The Telegraph
Since 1st March, 1999
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Polio clinic fears crippling load

All’s not well with B.C. Roy Polio Clinic and Hospital for Crippled Children. Not because it shares the name with the state’s only paediatric referral hospital, less than a kilometre away, but because it has been asked to bear some of its burden.

The authorities of the Narkeldanga hospital, spotlessly clean now, are waiting to meet senior state health department officials on Friday. The meeting will decide the specifics of its patient-sharing arrangement with B.C. Roy Memorial Hospital for Children. The hospitals now already share a principal, Meena Basak, as the first fallout of the multiple baby deaths over the past few days.

“We have not been officially told about anything that is going to transpire,” polio hospital superintendent Bishnudas Mandal said on Thursday. “But we will have to abide by whatever the government orders us to do.”

Other doctors, however, are not so sure. The hospital, because of the nature of patients it admits, is more used to handling cases involving surgery, they said, warning that if saddled with other patients, it will flounder, and might even jeopardise its reputation as a leading centre for polio treatment.

The Medical Service Centre (MSC) echoed this concern. “This is the foremost speciality hospital for polio cases in the state,” said MSC spokesperson Bijnan Bera. “Entry of other surgical cases will automatically lead to a drop in quality.”

Superintendent Mandal, however, said: “We will not have much to worry about if we are given orthopaedic cases requiring surgery.”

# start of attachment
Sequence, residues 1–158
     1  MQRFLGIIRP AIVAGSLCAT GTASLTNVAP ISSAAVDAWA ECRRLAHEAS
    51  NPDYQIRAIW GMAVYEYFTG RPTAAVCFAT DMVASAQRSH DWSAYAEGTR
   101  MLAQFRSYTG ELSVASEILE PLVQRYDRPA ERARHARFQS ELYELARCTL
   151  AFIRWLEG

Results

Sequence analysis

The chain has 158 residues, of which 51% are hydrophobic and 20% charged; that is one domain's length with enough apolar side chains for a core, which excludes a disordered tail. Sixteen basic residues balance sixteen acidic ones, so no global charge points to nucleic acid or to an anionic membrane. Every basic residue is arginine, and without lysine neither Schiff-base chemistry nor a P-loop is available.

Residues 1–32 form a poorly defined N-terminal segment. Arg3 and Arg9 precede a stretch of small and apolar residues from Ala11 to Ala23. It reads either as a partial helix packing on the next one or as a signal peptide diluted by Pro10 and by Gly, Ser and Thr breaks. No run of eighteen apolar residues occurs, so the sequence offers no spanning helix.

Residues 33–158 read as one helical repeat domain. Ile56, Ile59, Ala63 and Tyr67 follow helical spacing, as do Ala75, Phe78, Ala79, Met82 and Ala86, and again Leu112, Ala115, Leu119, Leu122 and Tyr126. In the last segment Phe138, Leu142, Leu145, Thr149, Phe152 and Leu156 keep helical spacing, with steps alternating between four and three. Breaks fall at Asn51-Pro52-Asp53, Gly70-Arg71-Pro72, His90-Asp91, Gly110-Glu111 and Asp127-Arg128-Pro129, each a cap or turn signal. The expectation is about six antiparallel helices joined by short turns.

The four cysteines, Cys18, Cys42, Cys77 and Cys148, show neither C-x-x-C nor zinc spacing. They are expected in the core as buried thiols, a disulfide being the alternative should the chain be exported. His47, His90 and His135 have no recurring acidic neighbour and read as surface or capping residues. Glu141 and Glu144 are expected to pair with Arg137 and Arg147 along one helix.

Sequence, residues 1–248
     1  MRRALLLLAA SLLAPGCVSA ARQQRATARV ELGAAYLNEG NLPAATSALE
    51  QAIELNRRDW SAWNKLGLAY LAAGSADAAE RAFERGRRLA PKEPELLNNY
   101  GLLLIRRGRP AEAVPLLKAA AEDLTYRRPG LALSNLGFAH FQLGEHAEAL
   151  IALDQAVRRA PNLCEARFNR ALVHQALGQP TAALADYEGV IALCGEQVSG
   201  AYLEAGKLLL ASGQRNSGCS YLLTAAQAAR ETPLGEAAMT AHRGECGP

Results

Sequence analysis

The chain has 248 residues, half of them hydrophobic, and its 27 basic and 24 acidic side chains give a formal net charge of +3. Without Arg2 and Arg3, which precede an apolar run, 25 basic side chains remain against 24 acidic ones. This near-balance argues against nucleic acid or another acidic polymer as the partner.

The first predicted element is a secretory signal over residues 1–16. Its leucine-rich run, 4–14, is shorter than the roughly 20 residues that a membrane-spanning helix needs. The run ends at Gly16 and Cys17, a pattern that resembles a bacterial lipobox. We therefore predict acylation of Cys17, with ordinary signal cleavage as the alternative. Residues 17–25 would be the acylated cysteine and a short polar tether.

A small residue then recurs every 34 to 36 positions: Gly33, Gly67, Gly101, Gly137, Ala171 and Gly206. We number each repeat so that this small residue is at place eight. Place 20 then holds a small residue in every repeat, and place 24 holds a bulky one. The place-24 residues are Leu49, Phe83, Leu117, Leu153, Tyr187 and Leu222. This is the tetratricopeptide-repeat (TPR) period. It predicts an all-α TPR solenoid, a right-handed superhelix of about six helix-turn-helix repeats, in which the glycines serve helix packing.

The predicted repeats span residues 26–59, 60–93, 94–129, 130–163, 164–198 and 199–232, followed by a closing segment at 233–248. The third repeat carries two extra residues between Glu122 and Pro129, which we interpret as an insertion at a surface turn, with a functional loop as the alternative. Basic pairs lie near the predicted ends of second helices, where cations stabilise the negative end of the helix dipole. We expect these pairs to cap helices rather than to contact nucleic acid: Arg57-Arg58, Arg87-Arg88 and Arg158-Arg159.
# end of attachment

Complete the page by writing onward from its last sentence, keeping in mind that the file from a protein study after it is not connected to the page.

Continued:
But he, too, expressed concern over the toll the influx of general emergency cases could take on the hospital’s clean and hygienic condition. “Emergency outdoors will imply a lot of people coming in and things might spin out of control.”

The polio hospital has 200 beds — 120 surgery and 80 medicine — divided among 10 wards. The first-floor wards deal with the surgery cases and the second-floor wards with medicine.

Doctors at the hospital were not too comfortable with their current numbers either. The indoor medicine ward usually has a high vacant-bed ratio, allowing the hospital to manage with the current staff strength.

“But if we are saddled with extra cases but no extra doctors, we could end up in a position similar to the children’s hospital,” warned a senior physician.

Some vacancies already exist — visible on the hospital’s who’s-who board with white strips blotting out the last doctor’s name — forcing them to limit the number of outpatients.

The orthopaedic pay-clinic now sees patients on Wednesdays and Fridays and physical medicine on Tuesdays, with only paediatric medicine operating six days a week. “We see outdoor patients only between 4 pm and 7 pm,” said a physician.

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